SJF • Epiphany 8a 2011 • Tobias Stanislas Haller BSG
Strive first for the kingdom of God and his righteousness, and all these things will be given to you as well.
I’m not sure about you, but as far as I’m concerned that doesn’t have quite the ring of, “Seek ye first the kingdom of God and his righteousness, and all these things will be added unto you.” But whatever the translation, old or new, authorized by King James or revised in the late 20th century, the sentiment is as clear as day, and what a sentiment it is! On this eighth Sunday after the Epiphany we come to the end of our readings in Matthew’s account of the Sermon on the Mount. It really does end on an up-beat doesn’t it?
But let us not mistake the upbeat quality of this passage. It is not merely the cheery optimism of a Bobby McFaren sort of world where we can all just sing “Don’t Worry, Be Happy.” Let us not mistake it for the kind of blind optimism displayed in Voltaire’s book and Bernstein’s musical Candide — in which the principal characters keep on smiling through plague, kidnap, pirates, mayhem and murder because they believe themselves to inhabit the best of all possible worlds! It is not blind optimism we are called to, but a careful and perceptive seeking after what is of true worth, a careful and persistent seeking and striving for God — and God’s righteousness. It is in that holy quest that we will find all things added unto us.
There is much more to Jesus’ teaching in this passage from the Sermon on the Mount than looking on the sunny side of the street or letting a smile be your umbrella! No, my friends, this teaching is about a life based on what is important, focused on the right goal, and leading to the right end, under the grace of God: to strive, as we saw in last week’s gospel passage, after God’s perfection and holiness.
+ + +
So let’s follow that advice, and take a closer look, and start at the beginning. Jesus begins by warning us of the impossibility of serving God and wealth. Notice he says, “serve.” How many people who seek after wealth find themselves serving their wealth rather than enjoying it or benefitting from it. I have to say I feel a bit like that in relation to my computer: in principle it is supposed to work for me, to help me do my work, but there are times that I feel like I am serving it. I carefully protect it from viruses and spam, I patiently wait for it to install its never-ending stream of updates and patches letting it complete its work so that I can actually get to some of my work!
So when it comes to the things of this world, including money, the question, “Whom do you serve?” is a good one to ask — it is a good reminder that money exists to serve us as a medium of exchange, and we are to employ it, and not to be employed by it — or worse, be enslaved by it.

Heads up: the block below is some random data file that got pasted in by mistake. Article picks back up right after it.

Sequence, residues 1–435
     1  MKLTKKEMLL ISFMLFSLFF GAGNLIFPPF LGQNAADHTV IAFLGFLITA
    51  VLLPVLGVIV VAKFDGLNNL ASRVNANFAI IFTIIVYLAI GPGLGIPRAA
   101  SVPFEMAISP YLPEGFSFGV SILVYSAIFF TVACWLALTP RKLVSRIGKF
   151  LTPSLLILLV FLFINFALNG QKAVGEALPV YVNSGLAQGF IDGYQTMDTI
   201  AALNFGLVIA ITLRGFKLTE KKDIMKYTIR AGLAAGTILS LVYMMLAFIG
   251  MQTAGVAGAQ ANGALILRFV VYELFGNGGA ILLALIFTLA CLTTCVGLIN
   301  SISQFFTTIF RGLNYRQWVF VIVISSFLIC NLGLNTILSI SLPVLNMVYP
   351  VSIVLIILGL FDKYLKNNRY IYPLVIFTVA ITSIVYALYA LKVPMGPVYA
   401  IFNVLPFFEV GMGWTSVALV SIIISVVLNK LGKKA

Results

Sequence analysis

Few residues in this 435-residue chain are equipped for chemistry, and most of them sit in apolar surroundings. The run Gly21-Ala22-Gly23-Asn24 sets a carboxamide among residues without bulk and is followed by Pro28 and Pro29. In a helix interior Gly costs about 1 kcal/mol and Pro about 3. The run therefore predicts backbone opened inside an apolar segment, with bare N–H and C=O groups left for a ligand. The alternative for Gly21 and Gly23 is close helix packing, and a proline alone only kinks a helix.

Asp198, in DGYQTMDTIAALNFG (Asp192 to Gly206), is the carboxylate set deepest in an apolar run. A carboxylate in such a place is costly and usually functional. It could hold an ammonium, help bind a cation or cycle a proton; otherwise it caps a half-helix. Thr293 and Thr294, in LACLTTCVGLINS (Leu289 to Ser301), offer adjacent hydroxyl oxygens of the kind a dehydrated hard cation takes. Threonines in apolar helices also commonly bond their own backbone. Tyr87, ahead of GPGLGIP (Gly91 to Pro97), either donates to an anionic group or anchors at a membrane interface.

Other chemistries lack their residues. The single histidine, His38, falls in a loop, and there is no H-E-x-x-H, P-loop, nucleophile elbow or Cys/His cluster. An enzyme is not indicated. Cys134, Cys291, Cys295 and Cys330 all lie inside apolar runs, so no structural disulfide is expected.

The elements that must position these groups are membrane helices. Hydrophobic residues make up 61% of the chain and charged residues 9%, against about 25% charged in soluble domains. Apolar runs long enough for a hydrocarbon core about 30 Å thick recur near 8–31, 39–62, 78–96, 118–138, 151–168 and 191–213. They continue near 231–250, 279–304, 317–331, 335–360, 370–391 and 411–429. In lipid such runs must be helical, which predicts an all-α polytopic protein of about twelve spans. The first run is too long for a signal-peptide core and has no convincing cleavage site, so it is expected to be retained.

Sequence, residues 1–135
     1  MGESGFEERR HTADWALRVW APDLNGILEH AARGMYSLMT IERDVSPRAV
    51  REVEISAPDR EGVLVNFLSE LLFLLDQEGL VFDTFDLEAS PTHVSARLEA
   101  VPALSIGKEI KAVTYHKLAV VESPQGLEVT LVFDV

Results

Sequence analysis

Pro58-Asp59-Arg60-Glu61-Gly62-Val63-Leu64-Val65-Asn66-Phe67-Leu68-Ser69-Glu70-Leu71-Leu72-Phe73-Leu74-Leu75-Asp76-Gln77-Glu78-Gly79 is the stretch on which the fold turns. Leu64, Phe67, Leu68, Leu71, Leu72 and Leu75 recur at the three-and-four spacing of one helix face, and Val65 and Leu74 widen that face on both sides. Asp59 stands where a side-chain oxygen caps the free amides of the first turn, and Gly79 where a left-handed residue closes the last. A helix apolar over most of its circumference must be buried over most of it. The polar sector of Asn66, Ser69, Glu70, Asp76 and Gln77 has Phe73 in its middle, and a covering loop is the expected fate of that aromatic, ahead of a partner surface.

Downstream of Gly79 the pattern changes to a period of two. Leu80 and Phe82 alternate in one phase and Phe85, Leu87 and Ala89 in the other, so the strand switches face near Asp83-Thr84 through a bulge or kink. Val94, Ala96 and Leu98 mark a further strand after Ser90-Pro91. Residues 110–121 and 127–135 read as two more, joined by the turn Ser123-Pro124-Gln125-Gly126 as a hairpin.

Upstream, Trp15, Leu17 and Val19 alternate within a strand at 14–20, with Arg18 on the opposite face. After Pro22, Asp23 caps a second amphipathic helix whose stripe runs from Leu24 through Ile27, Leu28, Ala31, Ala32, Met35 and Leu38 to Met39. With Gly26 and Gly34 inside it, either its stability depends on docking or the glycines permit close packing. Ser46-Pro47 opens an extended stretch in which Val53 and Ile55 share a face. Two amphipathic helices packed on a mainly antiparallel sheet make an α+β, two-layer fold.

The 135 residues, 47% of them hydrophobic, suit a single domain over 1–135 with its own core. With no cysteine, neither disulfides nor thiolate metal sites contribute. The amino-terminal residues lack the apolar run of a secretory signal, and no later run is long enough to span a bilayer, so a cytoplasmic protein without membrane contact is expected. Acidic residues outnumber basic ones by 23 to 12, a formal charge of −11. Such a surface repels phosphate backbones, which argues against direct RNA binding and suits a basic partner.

Jesus follows this up with a “therefore” — always an important word when looking to implications — since we are obviously called to serve God rather than wealth, therefore we are not to become worried — about our life or food or drink, or what we will wear. If we serve God, God will provide for his servants.
Think of what happens to people who spend their whole life thinking or talking about nothing but food or clothing — apart from the fact that it’s really boring! — are they any better off in the end than those who simply wear what is suitable and comfortable and eat what is set before them?
Jesus offers a startling pair of images: the birds of the air and the flowers of the field. The birds are not farmers, nor do they store up a supply of food. (It’s a good thing Jesus didn’t have squirrels on his mind, or Aesop’s fable of the grasshopper and the ant!) Birds don’t store things up; they eat what they can find day by day, whether its an early bird catching the worm or a flock o pigeons pecking up birdseed on the sidewalk, or geese carefully trimming the grass on the Bronx River Parkway. Jesus reminds us that God provides for them — and don’t we mean more to God than birds do?
And look at the flowers in all their glory of their color and finery — I mean it: check out the Bronx Botanical Garden some time if you want to see some spectacular beauty — for none of which did the flowers do a lick of work. If God provides such beauty to clothe things that live for a few days or weeks, how much more will he clothe and adorn us — we of little faith!